Andrew Leckey

December 28, 2008|By Andrew Leckey

What gives with my Becton, Dickinson and Co. shares? I thought that its products were always needed.

B.R., via the Internet

The world's largest manufacturer and distributor of surgical products makes items that are health-care staples.

Its surgical products include needles, syringes and disposal units. It also makes diagnostic instruments and systems used to study cells. The firm derives economies of scale from its global manufacturing plants.

Net income for its fiscal fourth quarter, ended Sept. 30, rose 9 percent on stronger overseas sales and higher revenue from each of its main segments.

It derives more than half of its profit from overseas sales, which can be a problem. The stronger U.S. dollar is expected to weigh on its results, which means the firm must improve its operating margins to offset that drag.

Oil prices have fallen, but the price of oil-based resins used to make syringes, plastic dishes and other items remains a variable. In the past, the company has had some difficulty passing along price increases.

Shares of Becton Dickinson (BDX) are down 18 percent this year after last year's 19 percent increase and a 17 percent rise in 2006. The company has a healthy balance sheet with lots of cash, which it uses regularly to raise its dividend, repurchase shares, finance acquisitions and make capital expenditures.

Boasting a long history of smart management, Becton Dickinson underwent several changes at the top recently that are not expected to alter its direction.

The consensus rating among Wall Street analysts on Becton Dickinson shares is between "buy" and "hold," according to Thomson Financial. It consists of three "strong buys," two "buys" and five "holds." The medical field has its risks. For example, the company was less than successful in its blood glucose monitor business and dropped it. It is also a defendant in several class-action cases related to injuries incurred while using its products.

Earnings are expected to increase 9 percent in the fiscal year ending in September and 11 percent the next fiscal year. The forecast of five-year annualized growth rate is 13 percent, versus 14 percent expected for the overall medical instruments and supplies industry.

I have been told that Oakmark Equity & Income Fund has been reopened to new investment. Is this a good opportunity?

V.M., via the Internet

Closed to most new investors since mid-2004, the balanced fund was reopened in November. Although it has suffered declines, as most investments have of late, they have been less than those of most competitors.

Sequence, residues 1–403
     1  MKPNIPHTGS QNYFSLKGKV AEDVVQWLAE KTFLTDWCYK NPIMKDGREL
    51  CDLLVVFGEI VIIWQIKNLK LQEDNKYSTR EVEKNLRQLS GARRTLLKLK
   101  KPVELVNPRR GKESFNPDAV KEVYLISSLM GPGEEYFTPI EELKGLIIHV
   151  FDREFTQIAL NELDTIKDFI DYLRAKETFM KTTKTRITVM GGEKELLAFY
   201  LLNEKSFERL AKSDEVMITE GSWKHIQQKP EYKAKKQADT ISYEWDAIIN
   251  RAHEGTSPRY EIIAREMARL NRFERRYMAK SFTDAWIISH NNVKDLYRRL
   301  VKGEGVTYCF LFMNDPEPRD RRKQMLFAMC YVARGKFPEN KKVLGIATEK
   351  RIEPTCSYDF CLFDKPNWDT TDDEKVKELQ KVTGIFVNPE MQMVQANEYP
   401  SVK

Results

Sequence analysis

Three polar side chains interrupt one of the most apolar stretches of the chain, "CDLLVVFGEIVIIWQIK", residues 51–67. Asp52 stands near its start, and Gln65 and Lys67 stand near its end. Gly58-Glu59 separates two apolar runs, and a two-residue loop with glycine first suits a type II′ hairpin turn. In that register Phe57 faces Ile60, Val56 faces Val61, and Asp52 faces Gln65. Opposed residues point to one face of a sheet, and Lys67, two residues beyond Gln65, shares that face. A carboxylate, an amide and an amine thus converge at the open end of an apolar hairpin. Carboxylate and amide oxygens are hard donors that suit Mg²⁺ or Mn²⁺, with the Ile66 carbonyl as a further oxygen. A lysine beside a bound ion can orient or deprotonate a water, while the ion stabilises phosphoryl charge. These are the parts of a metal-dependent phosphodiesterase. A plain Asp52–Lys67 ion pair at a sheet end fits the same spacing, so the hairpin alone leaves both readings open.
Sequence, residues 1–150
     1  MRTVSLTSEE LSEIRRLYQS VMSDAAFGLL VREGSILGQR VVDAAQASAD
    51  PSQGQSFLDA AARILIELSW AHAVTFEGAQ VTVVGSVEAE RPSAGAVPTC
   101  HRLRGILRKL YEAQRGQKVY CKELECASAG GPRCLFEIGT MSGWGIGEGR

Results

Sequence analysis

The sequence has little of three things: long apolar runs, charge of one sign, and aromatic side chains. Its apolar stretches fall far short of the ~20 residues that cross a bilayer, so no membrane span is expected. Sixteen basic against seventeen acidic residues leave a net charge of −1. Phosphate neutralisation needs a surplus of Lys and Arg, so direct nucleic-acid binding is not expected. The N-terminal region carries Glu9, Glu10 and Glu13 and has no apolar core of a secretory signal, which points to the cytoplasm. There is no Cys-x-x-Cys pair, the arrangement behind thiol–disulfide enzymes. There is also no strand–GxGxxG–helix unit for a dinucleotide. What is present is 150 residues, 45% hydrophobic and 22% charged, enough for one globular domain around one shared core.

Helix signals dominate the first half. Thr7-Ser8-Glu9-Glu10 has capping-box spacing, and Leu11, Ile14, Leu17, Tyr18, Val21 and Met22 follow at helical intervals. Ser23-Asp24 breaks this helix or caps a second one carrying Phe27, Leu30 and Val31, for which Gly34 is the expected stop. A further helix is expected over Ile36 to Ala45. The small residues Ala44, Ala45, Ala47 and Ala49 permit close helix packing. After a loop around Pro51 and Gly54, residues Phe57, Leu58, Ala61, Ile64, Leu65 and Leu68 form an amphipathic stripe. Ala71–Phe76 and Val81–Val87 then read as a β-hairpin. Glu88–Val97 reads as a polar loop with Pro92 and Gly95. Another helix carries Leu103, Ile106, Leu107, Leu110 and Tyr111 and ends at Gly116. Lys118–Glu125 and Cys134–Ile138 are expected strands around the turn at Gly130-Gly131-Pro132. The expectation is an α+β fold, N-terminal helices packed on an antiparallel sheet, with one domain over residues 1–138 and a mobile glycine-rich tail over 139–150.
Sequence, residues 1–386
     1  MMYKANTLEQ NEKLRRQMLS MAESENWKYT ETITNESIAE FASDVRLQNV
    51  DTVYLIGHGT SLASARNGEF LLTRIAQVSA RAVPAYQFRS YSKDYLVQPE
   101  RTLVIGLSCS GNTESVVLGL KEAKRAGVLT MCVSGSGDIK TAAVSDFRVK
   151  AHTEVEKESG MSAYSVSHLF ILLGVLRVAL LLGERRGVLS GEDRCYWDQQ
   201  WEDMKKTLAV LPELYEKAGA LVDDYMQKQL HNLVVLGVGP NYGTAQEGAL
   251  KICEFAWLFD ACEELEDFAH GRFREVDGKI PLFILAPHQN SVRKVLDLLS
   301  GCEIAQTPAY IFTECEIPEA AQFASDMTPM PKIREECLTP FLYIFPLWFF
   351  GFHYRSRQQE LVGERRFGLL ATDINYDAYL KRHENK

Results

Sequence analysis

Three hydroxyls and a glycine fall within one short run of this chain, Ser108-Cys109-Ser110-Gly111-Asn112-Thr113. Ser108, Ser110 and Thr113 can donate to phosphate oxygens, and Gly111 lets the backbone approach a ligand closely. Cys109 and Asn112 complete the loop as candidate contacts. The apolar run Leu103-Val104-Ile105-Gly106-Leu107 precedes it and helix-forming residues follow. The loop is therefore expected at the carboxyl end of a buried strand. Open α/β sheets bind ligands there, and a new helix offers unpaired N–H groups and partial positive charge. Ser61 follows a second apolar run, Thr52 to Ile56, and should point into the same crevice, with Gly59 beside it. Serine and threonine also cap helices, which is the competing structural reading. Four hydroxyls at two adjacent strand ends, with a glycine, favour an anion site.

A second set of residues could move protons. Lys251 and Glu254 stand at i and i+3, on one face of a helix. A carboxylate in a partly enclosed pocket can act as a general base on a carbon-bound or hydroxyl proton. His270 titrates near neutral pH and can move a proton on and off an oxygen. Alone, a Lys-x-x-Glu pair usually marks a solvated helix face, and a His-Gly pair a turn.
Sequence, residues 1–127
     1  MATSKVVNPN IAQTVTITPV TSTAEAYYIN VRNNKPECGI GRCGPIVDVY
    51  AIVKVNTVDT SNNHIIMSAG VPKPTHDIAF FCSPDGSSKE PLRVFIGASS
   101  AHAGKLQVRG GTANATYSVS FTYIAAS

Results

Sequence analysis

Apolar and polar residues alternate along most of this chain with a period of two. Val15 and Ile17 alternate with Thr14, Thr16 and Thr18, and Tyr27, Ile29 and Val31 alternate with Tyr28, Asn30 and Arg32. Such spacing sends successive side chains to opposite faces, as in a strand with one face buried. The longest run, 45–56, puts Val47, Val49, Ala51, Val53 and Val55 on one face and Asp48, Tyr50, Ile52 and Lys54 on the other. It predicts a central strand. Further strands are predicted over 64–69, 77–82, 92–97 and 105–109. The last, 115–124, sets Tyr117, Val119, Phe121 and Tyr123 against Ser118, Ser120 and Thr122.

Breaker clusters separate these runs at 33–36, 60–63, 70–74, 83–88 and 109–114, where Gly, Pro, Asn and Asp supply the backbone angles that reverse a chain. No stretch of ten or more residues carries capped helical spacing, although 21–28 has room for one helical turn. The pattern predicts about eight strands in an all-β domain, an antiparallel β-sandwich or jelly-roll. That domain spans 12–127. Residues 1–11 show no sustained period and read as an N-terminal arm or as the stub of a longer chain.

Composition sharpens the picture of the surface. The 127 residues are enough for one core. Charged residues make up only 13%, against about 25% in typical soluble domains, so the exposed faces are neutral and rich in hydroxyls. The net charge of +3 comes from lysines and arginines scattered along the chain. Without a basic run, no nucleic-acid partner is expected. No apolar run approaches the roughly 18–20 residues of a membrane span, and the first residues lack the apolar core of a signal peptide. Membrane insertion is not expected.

Its conservative investment strategy employs safe, short-term U.S. Treasury notes and bargain-priced stocks. About half of its portfolio is in stocks, about one-third in fixed-rate and the remainder in cash.

The $12 billion Oakmark Equity and Income Fund "I" (OAKBX) had a 12-month decline of 18 percent and three-year annualized gain of 0.4 percent. Both results rank in the top 5 percent of moderate allocation funds.

"We consider it to be one of the finest funds in its category," said John Coumarianos, analyst with Morningstar Inc. "Its two managers seem to be equally involved in both parts [stocks and fixed income] of the portfolio, and they are both equally conservative."

Harris Associates is the fund's adviser. Clyde McGregor has managed the fund since its 1995 inception, while Edward Studzinski joined him in 2000. Each has more than $1 million of his own money invested in the fund, which is a good sign because it aligns their interests with those of the shareholders. Besides their own research, they are able to draw information from the analysts at Harris.

The largest portion of holdings in Oakmark Equity and Income are Treasury notes. In its stock portfolio, the largest concentrations are consumer goods, energy and industrial materials. Top stocks include XTO Energy Inc., CVS Caremark Corp., Nestle SA, General Dynamics Corp., Apache Corp. and EnCana Corp.

"The energy exposure poses some risk and volatility, but the outlook for energy is generally strong due to world demand," Coumarianos said. The "no-load" (no sales charge) fund has a $1,000 minimum initial investment and an annual expense ratio of 0.81 percent.

What are the tax rules for giving gifts of cash and stock? I would like to give gifts to both of my grandchildren this year, but I would like to avoid paying taxes on this.

H.T., via the Internet

If you give any one person gifts whose value exceeds $12,000 this year, you must report the total gifts to the IRS and might have to pay gift tax.

"You have to file the gift tax return, with the amount of the gift that is in excess of $12,000 per person deducted from your lifetime gift exemption," said Molly Balunek, certified financial planner and vice president with Spero-Smith Investment Advisers in Cleveland. "The exemption is currently $1 million."

"The gift value for stock is based on the current market value," Balunek said.

Excluded from gift tax are gifts to a spouse, a political organization, medical expenses and educational expenses. But because of the intricacies of gift tax rules, it makes sense to consult a tax adviser or the IRS if you have given gifts in excess of $12,000 this year.

E-mail Andrew Leckey at yourmoney@tribune.com.

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